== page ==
What's wrong with my wrench? - Troubleshooting topics with hydraulic torque wrenches
Just like every other hydraulic tool or ram, if a wrench is leaking and losing oil when your pump is on, then you probably have a blown o-ring. The only cure for that is to open the wrench up and to replace whatever broken seals and o-rings you find there. However, there can be other situations where a wrench is not actively leaking, but it is also not operating correctly. Below we have listed out some of the common issues we find, which aren’t leaks, but which keep the wrench from working the way it should.
Pressure at the pump but no movement – Since the wrench, the pump and the hoses probably all have quick connects (QD’s) they can be a common source of problems. If the quick connects are not made up properly, you will always have issues with the operation of the wrench. An easy way to spot this situation is if the pump goes up to full pressure quickly but the wrench does not move. In this situation the oil is running into a QD which is not letting the oil pass through and preventing the action of the wrench.
Wrench piston extending when the pump is not being actuated – If you are working with a wrench which actuates (extends) when the pump is idling, then your fittings are probably backwards. In this case the wrench should retract when you actuate the pump. This can also happen if you are combining two hoses end-to-end. The solution here is obvious that you should inspect your setup and trace the advance and return lines. You will probably need to swap your fittings. In the case of the hoses, it may be easier to just use an odd number of hoses (use 3 hoses instead of 2).
Wrench actuates but the hex head has no power or slips – This situation is a bit more unusual but the good news is that it is easy to spot and should be easy to fix. In a situation where the wrench is actuating, but the hex head is slipping, you may find that the Drive Segment has been installed backwards(pictured). If this is the case then it is as simple as disassembling the wrench head and re-installing the drive segment correctly.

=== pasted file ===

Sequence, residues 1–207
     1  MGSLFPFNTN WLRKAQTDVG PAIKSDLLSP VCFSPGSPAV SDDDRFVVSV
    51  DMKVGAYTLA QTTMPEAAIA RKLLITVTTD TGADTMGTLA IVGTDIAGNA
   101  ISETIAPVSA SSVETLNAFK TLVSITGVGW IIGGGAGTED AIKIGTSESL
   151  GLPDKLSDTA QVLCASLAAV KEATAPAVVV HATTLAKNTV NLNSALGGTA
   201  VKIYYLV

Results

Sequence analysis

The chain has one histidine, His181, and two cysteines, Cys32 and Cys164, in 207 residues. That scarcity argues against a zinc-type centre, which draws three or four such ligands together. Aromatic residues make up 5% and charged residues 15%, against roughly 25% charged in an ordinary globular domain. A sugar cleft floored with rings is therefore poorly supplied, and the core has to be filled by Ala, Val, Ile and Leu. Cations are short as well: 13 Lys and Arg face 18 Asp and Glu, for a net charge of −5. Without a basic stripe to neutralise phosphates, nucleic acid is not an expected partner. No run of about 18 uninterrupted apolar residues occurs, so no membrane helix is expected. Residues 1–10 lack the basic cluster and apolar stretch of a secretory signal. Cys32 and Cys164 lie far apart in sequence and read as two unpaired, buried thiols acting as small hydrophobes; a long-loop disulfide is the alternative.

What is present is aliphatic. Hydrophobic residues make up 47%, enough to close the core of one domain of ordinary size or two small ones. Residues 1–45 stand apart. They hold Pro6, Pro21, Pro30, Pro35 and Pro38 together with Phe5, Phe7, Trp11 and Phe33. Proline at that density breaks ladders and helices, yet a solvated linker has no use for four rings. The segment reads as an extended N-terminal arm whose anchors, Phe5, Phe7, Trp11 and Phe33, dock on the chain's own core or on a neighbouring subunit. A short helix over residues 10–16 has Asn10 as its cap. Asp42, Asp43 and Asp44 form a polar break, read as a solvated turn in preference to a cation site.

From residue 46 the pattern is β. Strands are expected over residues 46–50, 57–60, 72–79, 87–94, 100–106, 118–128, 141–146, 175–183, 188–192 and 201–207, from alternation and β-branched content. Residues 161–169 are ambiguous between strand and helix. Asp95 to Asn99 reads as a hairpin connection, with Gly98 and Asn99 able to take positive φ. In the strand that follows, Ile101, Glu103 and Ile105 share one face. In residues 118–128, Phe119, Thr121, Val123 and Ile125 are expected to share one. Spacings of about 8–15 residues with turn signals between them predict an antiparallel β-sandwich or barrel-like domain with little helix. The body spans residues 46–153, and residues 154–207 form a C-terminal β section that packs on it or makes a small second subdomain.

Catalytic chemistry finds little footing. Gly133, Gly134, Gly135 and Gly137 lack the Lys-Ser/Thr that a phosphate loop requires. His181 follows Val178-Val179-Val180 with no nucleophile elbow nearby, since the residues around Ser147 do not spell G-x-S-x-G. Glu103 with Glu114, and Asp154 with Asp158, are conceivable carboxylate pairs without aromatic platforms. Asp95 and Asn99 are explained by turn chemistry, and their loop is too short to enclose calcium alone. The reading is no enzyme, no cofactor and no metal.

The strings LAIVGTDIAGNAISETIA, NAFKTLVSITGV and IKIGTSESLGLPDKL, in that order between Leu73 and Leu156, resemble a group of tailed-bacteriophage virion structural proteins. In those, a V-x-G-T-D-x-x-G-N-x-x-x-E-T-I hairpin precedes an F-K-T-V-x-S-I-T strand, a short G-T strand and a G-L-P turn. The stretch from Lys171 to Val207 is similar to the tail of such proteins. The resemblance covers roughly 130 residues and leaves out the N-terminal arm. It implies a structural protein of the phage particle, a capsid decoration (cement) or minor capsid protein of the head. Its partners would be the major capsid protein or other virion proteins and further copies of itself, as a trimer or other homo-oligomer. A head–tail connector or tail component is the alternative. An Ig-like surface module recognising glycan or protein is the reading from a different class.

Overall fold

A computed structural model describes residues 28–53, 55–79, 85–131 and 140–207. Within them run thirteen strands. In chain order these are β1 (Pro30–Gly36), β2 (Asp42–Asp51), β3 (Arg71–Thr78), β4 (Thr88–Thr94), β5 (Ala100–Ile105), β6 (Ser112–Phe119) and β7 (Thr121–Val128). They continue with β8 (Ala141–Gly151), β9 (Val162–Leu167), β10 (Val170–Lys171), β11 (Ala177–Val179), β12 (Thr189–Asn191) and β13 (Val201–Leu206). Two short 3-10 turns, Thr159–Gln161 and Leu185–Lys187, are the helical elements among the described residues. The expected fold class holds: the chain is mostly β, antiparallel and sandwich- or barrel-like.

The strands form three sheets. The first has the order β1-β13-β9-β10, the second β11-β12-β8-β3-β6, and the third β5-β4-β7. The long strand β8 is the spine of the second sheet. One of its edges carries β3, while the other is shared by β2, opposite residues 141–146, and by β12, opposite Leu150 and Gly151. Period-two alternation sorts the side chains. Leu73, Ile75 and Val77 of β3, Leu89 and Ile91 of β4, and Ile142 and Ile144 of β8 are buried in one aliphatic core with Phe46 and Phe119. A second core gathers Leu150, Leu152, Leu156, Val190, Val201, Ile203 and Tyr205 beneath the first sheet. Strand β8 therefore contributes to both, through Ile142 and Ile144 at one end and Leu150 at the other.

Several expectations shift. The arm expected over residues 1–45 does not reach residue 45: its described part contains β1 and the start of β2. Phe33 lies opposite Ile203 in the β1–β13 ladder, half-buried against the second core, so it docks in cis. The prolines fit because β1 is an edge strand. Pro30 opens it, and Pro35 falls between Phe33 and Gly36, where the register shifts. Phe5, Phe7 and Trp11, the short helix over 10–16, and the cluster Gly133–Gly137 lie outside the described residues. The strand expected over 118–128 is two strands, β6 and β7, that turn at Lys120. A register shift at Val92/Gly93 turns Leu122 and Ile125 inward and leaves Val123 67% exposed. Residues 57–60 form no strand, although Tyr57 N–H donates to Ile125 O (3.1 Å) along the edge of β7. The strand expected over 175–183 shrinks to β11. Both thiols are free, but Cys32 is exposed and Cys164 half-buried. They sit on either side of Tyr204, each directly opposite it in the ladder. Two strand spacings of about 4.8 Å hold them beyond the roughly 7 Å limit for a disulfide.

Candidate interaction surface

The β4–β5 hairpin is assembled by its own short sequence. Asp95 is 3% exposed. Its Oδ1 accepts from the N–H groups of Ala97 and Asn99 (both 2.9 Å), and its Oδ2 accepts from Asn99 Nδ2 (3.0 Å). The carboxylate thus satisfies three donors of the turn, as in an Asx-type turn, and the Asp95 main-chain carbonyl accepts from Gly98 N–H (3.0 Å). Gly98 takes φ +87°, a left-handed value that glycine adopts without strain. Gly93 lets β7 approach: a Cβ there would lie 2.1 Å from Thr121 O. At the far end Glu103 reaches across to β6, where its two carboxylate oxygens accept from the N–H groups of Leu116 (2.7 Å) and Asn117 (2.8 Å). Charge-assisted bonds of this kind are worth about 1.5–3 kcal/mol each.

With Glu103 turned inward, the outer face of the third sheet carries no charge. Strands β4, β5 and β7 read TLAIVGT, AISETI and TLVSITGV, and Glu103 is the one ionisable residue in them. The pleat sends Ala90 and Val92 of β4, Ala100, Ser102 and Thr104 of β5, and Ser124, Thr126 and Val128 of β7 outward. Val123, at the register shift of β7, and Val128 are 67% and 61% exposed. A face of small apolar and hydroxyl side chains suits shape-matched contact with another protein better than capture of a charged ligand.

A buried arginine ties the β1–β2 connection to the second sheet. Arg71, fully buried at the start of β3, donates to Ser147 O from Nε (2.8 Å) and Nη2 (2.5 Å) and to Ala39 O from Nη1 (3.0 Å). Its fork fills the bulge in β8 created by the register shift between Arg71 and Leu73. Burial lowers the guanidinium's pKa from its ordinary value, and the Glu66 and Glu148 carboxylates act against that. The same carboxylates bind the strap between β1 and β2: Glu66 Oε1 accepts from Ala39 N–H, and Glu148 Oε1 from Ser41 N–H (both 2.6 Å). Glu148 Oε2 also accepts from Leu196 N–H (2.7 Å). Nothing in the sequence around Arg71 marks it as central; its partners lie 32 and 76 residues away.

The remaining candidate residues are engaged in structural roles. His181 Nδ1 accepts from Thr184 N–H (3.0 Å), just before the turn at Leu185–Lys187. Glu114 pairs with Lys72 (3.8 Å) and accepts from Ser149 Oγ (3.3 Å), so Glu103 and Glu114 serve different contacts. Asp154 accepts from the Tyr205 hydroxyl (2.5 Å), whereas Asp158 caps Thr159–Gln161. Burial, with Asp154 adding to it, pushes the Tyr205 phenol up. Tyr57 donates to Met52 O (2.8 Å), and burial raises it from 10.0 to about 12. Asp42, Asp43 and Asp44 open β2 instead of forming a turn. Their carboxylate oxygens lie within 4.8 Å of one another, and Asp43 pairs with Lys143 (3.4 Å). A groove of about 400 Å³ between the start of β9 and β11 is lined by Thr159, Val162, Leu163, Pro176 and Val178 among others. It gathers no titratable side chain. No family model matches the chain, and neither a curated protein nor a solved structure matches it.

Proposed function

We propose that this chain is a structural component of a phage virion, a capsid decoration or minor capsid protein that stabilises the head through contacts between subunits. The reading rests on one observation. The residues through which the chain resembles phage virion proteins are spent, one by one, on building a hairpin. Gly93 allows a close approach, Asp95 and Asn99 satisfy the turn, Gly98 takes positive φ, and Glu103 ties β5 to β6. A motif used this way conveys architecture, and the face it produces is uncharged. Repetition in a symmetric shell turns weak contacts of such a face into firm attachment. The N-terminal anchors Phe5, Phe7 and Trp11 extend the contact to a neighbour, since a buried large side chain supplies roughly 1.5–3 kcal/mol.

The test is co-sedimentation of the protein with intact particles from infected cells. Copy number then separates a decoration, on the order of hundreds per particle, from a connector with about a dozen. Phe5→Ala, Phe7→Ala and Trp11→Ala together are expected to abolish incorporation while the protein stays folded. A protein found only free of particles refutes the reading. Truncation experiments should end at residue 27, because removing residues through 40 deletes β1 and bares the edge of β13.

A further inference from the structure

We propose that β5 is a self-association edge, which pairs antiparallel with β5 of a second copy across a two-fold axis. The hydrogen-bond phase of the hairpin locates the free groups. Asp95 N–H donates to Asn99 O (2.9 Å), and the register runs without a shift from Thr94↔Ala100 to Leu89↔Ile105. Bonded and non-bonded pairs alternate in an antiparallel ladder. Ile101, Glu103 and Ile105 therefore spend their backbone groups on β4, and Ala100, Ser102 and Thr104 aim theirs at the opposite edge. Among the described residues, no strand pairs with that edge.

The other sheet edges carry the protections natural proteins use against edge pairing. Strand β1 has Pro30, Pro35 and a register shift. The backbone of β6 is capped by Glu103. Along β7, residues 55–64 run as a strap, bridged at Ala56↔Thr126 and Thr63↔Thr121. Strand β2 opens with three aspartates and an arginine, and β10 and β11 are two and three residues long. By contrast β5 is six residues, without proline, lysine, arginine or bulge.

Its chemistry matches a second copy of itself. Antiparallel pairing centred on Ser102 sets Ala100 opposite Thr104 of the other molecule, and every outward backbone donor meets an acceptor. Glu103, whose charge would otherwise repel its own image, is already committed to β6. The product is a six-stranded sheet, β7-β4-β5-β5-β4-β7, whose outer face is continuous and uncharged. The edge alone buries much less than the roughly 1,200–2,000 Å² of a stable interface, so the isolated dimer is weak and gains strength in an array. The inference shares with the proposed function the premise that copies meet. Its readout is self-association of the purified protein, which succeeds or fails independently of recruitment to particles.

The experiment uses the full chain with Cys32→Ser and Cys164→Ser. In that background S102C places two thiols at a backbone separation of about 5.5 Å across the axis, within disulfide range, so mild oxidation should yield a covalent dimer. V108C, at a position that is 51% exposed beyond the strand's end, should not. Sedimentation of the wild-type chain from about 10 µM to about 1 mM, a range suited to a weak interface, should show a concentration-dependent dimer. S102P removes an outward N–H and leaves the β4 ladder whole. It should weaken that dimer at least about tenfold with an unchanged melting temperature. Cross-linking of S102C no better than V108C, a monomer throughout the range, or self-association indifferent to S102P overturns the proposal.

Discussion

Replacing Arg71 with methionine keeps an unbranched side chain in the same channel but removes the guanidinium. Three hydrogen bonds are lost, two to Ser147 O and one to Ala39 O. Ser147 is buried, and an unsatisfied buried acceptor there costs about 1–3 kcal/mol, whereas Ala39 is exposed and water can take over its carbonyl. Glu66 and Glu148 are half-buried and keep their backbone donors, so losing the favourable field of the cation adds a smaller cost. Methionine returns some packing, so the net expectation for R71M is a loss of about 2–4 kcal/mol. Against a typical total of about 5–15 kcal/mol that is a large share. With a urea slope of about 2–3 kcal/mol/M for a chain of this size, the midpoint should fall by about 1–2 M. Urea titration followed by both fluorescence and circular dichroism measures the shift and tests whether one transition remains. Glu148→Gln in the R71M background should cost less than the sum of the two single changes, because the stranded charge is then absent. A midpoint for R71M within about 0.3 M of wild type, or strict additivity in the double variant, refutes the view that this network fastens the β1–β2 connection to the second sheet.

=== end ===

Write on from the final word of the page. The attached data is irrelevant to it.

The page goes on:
Wrench is not actuating – If you are working with a wrench and it is simply not operating when the pump is actuated then the issue may be with the pump or hose instead of the wrench. Unlike the situation with the quick connects, where the pressure quickly spiked, you may find in this case that the pump is just not providing pressure for some reason. The other reason this might happen is if you are asking the wrench to do more than it actually can. For example, we can see this if there is any confusion about converting pressure to torque. The wrench stalls as it just isn’t strong enough to budge the nut it is on.
Wrench pressures up but doesn’t leak or the piston only extends partially – In this situation you may be facing something more than just a simple fix. When we see this sort of response from a wrench it can mean that there is a damaged spot on the piston or cylinder surface. Meaning that, the piston extends as the pressure builds behind it, but at some point along its path it encounters an area where the oil bypasses the seal and goes around it. It is leaking internally and you might have heard this called “bypassin”.
If you run into one of these or if you have questions about something not covered here, please call us and we can discuss.